Anniversaries have a habit of confronting us with uncomfortable contrasts. Jawaharlal Nehru, the first Prime Minister of India, would have been 125 years old this year; the state that Nehru saw through its first years of independence is now ruled by forces he found abhorrent: supporters of a narrow-minded, exclusionary definition of national belonging, accompanied by crude capitalist profiteering and a populist cultural chauvinism that can only be seen as ridiculous. Nehru was a socialist, an internationalist, and a defender of civil liberties in an age when most were willing to compromise on personal freedoms in the service of the state, leading a state and at the head of a successful nationalist movement with which he was often at odds. He was a most articulate head of government, an intellectual among mere statesmen.
The Indian state of which he became Prime Minister attempted to some extent to maintain the internationalist ethos of the inter-War years, an internationalism that was bound to suffer when placed in the hands of a national state. Nehru himself was an anti-nationalist. His formative years were those after the Russian Revolution and of the rise of fascism, and he did not live in an age where there was a choice between nationalism and internationalism: the fate of Republican Spain, Nehru told an audience at Trafalgar Square in London in 1938, was about to be the fate of the world. After that predicted fate had played itself out, the independence and partition of India was one of the outcomes.
To what extent was Jawaharlal Nehru in control of, or even representative of, the period to which he lent his name? The “Nehruvian” state was a compromise which was fronted by Nehru; it was inefficiently capitalist, fiercely nationalist and increasingly parochial despite its public rhetoric of socialism, internationalism, justice and tolerance. The Congress’s cautious leftism in the “Nehruvian period” worked on something like the principle of vaccination: a dilute strand of what many in the Congress openly regarded as a disease, “socialism”, administered to the body politic, helped to prevent the disease itself from taking root. We can now remember Nehru as a self-reflexive intellectual explaining in rather elegant words the inadequacies of the state, of its policies and its people, and we can relate to its radical hopefulness. And the question remains: what was the connection between Nehru and Nehruvianism?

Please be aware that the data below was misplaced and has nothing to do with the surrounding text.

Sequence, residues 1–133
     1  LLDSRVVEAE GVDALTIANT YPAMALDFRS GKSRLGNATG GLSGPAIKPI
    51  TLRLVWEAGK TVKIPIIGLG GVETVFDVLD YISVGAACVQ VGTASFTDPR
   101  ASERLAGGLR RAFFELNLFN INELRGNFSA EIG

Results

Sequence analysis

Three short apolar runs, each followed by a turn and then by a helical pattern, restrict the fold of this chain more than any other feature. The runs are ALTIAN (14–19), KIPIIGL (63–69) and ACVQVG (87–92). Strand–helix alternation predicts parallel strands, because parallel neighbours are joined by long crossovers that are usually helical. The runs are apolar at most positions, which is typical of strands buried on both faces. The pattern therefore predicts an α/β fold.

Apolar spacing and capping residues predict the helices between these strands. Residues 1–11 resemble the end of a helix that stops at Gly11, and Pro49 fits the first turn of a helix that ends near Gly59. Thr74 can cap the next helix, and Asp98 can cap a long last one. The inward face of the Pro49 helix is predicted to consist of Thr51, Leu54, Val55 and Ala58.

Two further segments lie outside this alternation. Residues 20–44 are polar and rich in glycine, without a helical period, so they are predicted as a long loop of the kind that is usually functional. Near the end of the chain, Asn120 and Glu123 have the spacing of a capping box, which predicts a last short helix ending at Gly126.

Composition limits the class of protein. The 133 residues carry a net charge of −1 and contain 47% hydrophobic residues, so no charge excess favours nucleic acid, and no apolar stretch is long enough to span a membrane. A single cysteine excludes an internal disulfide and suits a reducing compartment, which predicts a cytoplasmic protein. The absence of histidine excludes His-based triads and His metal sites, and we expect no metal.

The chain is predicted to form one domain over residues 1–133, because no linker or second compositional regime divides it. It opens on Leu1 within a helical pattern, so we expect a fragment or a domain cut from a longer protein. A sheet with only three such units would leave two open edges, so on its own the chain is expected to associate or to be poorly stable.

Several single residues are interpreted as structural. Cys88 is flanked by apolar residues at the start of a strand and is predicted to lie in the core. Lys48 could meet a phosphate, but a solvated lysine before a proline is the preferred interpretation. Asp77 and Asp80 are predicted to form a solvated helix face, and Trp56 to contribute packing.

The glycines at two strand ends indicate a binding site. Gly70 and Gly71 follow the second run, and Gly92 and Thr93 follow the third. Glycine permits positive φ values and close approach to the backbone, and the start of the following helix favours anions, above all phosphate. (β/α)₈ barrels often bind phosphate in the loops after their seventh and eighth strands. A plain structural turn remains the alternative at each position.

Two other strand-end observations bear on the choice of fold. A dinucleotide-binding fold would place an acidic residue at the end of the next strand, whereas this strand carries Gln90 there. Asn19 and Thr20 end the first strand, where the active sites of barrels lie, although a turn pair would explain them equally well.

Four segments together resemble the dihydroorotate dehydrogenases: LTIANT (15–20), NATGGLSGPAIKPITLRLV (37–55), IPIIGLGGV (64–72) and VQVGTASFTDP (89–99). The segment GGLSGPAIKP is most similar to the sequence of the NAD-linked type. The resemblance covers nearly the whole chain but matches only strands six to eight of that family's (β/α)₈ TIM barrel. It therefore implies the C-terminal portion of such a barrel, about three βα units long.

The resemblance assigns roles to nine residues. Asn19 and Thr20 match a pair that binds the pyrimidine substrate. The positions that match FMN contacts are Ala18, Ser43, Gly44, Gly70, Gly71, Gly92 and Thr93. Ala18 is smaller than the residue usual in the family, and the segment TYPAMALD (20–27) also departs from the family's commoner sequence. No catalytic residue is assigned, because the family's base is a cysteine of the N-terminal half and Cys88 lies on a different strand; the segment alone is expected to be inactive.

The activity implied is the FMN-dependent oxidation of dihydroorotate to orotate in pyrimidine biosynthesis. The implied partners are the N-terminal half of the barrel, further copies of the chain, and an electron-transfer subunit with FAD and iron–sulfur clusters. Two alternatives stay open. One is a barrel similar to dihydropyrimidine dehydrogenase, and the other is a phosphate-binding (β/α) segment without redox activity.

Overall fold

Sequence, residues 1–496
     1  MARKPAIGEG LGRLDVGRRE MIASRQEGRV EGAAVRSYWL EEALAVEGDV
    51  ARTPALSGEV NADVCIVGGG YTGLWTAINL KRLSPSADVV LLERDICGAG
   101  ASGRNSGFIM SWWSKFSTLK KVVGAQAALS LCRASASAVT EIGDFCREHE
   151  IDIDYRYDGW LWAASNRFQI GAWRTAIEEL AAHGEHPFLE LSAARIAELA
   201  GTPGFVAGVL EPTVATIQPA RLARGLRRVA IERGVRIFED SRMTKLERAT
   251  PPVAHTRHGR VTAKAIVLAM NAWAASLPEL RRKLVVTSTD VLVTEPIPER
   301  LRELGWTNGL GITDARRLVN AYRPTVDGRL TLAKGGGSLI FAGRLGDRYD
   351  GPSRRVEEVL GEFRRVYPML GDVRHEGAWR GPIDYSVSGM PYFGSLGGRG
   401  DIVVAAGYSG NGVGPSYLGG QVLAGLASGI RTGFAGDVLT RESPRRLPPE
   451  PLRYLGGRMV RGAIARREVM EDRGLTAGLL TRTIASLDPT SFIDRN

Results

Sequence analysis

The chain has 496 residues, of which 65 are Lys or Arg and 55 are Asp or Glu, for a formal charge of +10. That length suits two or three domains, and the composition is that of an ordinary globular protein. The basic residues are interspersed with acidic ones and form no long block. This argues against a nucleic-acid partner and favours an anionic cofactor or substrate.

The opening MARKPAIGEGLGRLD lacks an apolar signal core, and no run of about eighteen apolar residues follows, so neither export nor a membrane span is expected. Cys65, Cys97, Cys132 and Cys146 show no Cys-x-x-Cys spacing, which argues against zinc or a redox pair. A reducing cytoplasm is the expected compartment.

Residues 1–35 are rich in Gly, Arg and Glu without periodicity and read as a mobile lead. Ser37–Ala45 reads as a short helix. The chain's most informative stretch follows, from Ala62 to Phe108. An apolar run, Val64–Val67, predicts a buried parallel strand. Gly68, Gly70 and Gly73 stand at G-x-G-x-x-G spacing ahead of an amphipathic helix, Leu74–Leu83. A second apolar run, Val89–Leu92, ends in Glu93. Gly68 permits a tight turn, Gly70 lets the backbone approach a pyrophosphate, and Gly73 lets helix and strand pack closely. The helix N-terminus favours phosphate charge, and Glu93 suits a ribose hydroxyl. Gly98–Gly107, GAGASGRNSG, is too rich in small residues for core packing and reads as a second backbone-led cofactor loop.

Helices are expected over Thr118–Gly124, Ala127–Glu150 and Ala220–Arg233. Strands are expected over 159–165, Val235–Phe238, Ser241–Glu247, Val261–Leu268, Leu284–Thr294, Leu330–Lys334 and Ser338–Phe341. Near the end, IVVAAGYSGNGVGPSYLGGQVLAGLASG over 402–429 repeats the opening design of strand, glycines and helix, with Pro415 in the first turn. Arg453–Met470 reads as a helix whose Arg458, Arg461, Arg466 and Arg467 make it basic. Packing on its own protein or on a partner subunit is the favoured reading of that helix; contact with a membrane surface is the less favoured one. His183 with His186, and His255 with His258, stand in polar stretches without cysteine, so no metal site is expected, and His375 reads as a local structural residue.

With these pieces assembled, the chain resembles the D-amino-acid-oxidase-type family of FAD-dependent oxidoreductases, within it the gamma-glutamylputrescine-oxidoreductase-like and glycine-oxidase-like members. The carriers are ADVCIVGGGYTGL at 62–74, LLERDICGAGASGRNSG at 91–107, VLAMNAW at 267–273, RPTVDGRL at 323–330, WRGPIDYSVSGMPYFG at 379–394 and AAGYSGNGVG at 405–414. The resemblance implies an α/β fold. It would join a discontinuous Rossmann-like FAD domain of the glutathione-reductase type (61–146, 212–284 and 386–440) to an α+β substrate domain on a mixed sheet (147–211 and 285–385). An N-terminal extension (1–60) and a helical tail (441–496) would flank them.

Jawaharlal Nehru was for a variety of reasons able disproportionately to influence the boundaries of what was legitimate and what was not in the independent Indian state. Nehru backed a modernist, centrist version of the state. He stood against a so-called “Gandhian” insistence on the primacy of the village: economically, and in terms of the alleged self-government of an authentic community, this form of villagism emerged from the romantic anti-capitalism of the 19th century. By the time it was being peddled in India as authentically Indian, it had degenerated into an indigenism that turned in upon itself and denied its own international origins.
The possibility of reshaping the world for the better, the end of capitalism, the end of empire, and the reshaping of humanity—the ideals of Nehru’s youthful engagements did not leave much space for nation-states except as an interim goal. In 1938 he had written of nationalism: “All that is reactionary seeks shelter under that name—fascism, imperialism, race bigotry, and the crushing of that free spirit of enquiry which gave the semblance of greatness to Europe in the nineteenth century. Culture succumbs before its onslaught and civilisation decays. Democracy and freedom are its pet aversions, and in its name innocent men and women and children in Spain are bombed to death, and fierce race persecution takes place.” Nehru’s analogy then was that of disease: just as the sick patient cannot perceive much beyond his illness, a nation not yet free cannot see beyond nationalism; but once they are free, the illness that is nationalism must end. Wider and more important goals become important.
In The Discovery of India , published in 1946, we can read Nehru as an anti-nationalist forced into a nationalist position because the national idea is too strong to be disavowed: the book is intended as an antidote to the Pakistan movement’s two-nation theory, and was published too late. Nevertheless, Nehru works with the idea of India as an “ancient palimpsest”. Each layer adds to the whole, but you cannot see what is added by whom and at what point because you can see only the whole.
Here was a man who came to power as the head of a state that refused to acknowledge that it was the heir to a repressive apparatus, a man who came to power at the head of a movement that only tolerated him. Nehru had no illusions about this situation: he knew he was acceptable even to his opponents as the public face of a new dispensation, in a minority in his own party. After a bloody partition, and in the face of communal violence and hysteria, he held his own party to the promises that it had made in public, of conducting non-sectarian and non-majoritarian politics, although many of its members had contempt for these promises in private.
Developmentalism as an ersatz nationalism